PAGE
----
29 February 2016 The promise of the 2030 Agenda for Sustainable Development is that well-managed migration and mobility will benefit migrants and their families as well as countries of origin and destination, United Nations Deputy Secretary-General said today, urging Member States to work together to “make sure this promise becomes a reality.”
“I cannot recall a time when the issue of mass displacement, refugees and migratory movements was as high on the agenda of the international community as it is today,” Mr. Eliasson told the 2016 International Dialogue on Migration, a two-day event organized at Headquarters by the International Organization for Migration (IOM) and focused on the 2030 Agenda and its landmark Sustainable Development Goals (SDGs).
He said the number of international migrants who reside outside their country of birth or citizenship had risen from some 170 million in 2000 to nearly 250 million in 2015 – an increase of 41 per cent. Seven out of every 10 international migrants reside in high-income countries.
“Without migration, the population of Europe would have fallen in the past 15 years. Generally, we need to recognize what migrants and refugees contribute to our societies. We have an obligation to counter the negative narrative characterizing the present public discourse,” said Mr. Eliasson.
He went o note that more than 60 million people are currently displaced – the highest figure since the end of the Second World War. This includes 20 million refugees, which means that eight out of every 100 international migrants are now refugees. The large majority of these refugees are hosted by developing countries.
The differing narratives of migrants and refugees have some very important points in common, Mr. Eliasson said, underscoring that irrespective of the motives people have for crossing international borders, all migrants have basic human rights. Further, migrants and refugees increasingly move together as part of mixed migratory flows.
“In the absence of channels for safe, orderly and regular migration, as stated in SDG 10, target number 10.7, smugglers and traffickers exact obscenely high fees and often take advantage of the migrants and refugees. Ultimately, “we must do more to prevent and resolve conflicts which give rise to forced displacement. Syria is the most blatant case in point.”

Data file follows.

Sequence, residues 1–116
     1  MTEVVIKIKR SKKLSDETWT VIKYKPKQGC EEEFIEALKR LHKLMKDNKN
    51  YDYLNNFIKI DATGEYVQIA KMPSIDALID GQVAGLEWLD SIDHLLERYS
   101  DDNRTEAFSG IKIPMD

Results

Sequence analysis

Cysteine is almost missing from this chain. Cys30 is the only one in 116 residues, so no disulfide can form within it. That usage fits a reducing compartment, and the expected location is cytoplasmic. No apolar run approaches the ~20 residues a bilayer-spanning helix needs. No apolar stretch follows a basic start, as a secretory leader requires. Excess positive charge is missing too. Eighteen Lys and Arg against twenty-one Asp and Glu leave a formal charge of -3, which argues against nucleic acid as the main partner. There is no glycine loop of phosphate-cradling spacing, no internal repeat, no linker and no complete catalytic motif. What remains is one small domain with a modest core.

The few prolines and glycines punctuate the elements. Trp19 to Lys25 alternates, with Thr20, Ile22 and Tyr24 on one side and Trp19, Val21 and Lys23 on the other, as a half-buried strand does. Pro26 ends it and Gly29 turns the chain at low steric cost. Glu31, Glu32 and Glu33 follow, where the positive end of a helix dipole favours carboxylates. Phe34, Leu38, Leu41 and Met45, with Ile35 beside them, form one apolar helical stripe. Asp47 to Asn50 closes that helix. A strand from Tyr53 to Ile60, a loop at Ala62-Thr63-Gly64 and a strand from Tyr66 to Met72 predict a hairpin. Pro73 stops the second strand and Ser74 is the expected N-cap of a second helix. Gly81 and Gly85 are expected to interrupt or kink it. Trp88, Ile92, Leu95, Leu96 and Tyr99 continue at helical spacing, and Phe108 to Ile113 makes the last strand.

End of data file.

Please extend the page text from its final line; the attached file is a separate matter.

“We must also deliver on the promise of the Sustainable Development Goals to leave no one behind. We must improve the conditions for a life of dignity and fulfilment at home. We must reduce inequalities, and promote peaceful and inclusive societies,” Mr. Eliasson emphasized, adding that all refugees are protected from forcible return by 1951 Convention Relating to the Status of Refugees.
Against this backdrop, there is a pressing need to increase humanitarian financing. The Secretary-General's High-Level Panel on Humanitarian Financing has made proposals which will be taken further at the World Humanitarian Summit in Istanbul 23-24 May, he said, urging governments to ensure high level attendance at the first-ever Humanitarian Summit, “placing the human being in the centre.”
Recalling that earlier this month at an informal meeting of the UN General Assembly on follow-up to the 2030 Agenda, he had presented several conditions for success, Mr. Eliasson said they equally applied to preparations for the High-Level meeting of the General Assembly on 19 September on large-scale refugee and migratory movements.
They were: leadership as Member States and other actors must be fully committed to develop predictable and equitable responses to mass population movements; ownership; partnerships; and collaboration, as a global approach at the United Nations must be complemented by regional and national contributions.
With this in mind he noted that as many countries are struggling to deal with issues of displacement, migration and refugees, the UN must not remain on the sidelines. And while the issues are complex, that would not prevent the Organization from developing responses, searching for solutions, identifying good practices, and putting well financing systems and institutions in place.
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